Week Twenty-Two: The Haibun


The Haibun features a fascinating paring of prose poetry and haiku. It was invented and popularized by 17th century Japanese master poet Matsuo Bashō. The prose and haiku of the haibun are often in communication with each other in direct or subtle ways.

Haibun Example

LAKE SADDLEBAG by marie a. mennuto-rovello

I walk the north end of the lake this time every summer. Listen to the murky green waters slap up against the weather beaten dock. In the distance, the sound of children skinny dipping.

from a navy sky
sound of cicadas calling
full moon on the rise

Requirements of the Form


– Titled, unlike traditional haiku

– Begins with a small number of short paragraphs (typically one to three) written in prose poetry style

– Ends with a traditional haiku that reflects or is in some relationship with the introductory prose poem


Common elements and themes include:
– Strong sense of place through natural imagery and sensory detail
– Travel or sense of journey
– Autobiographical elements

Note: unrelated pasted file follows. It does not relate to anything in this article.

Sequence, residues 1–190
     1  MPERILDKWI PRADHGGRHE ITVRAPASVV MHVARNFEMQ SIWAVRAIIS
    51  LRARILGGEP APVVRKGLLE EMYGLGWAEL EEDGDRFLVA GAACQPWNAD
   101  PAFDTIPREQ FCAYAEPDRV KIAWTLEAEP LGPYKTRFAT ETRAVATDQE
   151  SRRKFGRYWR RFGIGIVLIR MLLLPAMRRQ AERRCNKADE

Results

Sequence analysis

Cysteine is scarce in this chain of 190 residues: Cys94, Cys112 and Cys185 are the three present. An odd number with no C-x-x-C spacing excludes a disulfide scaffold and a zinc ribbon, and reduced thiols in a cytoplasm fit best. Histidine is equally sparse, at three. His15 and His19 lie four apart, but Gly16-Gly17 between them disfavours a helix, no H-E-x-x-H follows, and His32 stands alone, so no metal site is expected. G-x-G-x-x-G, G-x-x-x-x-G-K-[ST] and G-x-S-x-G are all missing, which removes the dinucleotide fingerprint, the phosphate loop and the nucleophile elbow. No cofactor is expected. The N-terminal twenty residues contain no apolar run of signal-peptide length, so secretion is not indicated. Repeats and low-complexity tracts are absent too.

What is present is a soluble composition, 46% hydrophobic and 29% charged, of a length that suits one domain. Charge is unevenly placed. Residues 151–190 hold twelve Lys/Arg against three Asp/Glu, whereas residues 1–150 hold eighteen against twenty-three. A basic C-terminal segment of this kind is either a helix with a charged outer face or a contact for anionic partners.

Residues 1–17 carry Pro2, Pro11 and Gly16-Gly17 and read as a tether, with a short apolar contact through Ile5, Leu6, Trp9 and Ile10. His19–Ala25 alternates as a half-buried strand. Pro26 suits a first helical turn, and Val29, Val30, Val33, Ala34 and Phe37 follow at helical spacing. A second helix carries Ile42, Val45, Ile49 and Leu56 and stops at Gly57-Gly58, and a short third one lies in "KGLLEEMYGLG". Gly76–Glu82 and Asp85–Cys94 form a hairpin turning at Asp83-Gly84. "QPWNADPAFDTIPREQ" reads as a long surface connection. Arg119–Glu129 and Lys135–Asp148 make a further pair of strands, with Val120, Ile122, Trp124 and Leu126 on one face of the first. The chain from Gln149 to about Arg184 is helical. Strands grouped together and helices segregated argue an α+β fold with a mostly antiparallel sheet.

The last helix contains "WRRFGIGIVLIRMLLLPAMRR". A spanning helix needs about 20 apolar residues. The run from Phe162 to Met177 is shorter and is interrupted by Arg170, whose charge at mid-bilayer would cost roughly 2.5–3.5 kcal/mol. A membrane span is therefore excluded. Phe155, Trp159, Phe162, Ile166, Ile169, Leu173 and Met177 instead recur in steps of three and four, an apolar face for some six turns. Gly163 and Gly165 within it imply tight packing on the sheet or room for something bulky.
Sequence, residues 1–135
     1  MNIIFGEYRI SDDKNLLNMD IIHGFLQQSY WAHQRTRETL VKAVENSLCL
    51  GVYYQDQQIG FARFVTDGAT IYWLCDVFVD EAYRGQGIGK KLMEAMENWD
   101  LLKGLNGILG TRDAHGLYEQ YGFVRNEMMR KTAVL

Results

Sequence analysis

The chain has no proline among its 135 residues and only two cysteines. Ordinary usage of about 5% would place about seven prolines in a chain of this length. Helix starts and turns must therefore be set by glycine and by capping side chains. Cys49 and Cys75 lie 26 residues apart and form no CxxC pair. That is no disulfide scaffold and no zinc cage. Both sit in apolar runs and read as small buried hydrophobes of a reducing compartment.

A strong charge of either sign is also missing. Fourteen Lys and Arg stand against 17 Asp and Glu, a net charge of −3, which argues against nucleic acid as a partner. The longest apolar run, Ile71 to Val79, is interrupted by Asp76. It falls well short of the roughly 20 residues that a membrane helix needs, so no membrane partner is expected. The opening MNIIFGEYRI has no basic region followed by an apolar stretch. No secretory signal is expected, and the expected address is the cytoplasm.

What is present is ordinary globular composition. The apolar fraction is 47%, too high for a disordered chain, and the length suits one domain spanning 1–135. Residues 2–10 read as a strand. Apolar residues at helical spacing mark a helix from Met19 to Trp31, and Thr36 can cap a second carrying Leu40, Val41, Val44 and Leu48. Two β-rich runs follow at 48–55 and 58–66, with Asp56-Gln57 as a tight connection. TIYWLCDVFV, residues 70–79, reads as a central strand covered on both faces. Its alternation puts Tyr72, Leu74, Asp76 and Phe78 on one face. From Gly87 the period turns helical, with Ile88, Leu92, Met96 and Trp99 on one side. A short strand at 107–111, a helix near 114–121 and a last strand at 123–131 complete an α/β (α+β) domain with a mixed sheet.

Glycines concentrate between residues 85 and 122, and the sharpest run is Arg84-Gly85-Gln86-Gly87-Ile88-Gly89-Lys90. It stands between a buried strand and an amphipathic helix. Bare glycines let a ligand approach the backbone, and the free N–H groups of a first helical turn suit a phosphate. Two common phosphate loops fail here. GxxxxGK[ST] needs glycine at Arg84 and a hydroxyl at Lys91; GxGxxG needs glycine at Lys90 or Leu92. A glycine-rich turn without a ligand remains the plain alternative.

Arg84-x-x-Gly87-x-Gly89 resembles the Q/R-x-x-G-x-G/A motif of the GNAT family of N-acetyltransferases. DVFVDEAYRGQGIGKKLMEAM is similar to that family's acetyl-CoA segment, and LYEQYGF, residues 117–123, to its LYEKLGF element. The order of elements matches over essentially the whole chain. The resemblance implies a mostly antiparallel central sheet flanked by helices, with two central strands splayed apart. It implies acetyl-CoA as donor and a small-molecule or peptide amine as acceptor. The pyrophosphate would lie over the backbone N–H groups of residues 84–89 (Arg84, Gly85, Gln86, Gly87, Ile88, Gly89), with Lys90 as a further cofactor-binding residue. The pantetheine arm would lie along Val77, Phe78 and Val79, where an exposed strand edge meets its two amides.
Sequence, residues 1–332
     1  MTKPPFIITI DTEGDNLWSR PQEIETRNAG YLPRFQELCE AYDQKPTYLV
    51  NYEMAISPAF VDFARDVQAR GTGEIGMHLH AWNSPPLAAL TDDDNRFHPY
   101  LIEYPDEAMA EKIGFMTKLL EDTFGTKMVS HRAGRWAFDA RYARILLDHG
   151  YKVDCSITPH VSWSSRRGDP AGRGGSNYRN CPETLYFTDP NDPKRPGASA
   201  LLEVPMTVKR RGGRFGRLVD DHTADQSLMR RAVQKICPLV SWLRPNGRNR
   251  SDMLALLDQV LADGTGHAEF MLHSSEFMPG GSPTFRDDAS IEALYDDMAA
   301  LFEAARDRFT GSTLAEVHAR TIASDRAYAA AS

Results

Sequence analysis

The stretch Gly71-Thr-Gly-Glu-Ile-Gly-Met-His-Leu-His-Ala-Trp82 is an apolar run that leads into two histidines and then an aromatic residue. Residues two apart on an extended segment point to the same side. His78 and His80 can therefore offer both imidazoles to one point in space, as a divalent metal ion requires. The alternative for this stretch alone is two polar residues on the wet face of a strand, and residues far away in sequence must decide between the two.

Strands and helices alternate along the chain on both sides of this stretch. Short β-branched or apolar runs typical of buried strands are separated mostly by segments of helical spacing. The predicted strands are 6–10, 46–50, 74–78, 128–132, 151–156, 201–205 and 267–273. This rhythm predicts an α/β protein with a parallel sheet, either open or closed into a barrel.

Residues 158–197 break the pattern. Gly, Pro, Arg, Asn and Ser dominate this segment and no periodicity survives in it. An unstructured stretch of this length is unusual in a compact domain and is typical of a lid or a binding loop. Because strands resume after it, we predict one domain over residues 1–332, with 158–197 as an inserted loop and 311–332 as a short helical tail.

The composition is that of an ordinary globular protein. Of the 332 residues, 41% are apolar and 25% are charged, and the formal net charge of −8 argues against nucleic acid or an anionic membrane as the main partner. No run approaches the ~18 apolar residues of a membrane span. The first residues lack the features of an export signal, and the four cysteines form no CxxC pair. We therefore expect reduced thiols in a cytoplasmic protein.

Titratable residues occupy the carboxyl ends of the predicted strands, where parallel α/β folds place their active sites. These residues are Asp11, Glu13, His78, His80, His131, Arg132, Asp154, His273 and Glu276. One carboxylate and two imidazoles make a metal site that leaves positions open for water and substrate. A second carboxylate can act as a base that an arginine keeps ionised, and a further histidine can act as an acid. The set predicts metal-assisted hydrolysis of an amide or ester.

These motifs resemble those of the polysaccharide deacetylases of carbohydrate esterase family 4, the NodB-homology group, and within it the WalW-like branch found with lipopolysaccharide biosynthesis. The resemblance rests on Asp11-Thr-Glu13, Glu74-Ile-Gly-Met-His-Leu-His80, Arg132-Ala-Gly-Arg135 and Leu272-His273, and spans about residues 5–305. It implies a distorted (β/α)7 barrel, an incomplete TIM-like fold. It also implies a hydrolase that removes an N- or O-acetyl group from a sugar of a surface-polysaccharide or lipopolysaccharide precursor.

– Economy of language
– Sense of presence and immediacy typically found in haiku
– Haiku follows other rules typically found in form

Syllable Count

– For the haiku, syllables needn’t be counted 5-7-5 as in the English Haiku. Rather, aim for a short first line, followed by a longer line, ending with another short line. This approach more closely reflects the spirit of the traditional Japanese form.

An Original Haibun

October 28, 2019 [a haibun]

October is ending. The blazing reds of the sugar maple have begun to yellow. I stand at the front window, still in my bathrobe though noon approaches, still fighting a cold with rest and medication. A small grey cat brushes against my leg and then the curtain. Beside her, a fat tabby dozes on a quilt on a rocking chair. Beside the rocking chair, a wastebasket full of crumpled tissues waits to be emptied.

I refill my coffee mug, warming my hands with it as I return to the window. The leaves on the lawn are beginning to brown, reminding me of the promise to rake. Last year we let them lay and they choked the irises. At the feeder, only the occasional finch returns. The water in the birdbath is not yet frozen.

October ends
orange leaves and white snowflakes 
fall together

Links to Online Resources

Haibun – Wikipedia
Haibun Poems – Writer’s Digest
Matsuo Bashō – Wikipedia
A Closer Look at Writing Haibun – Poets.org
Haiku – Wikipedia


Come back every Friday to see the next form!

~ Creative works are owned by the author and subject to copyright laws ~

Write your own and share in the comments!

One thought on “Week Twenty-Two: The Haibun

  1. Pingback: The Haibun – Adam of the Universe

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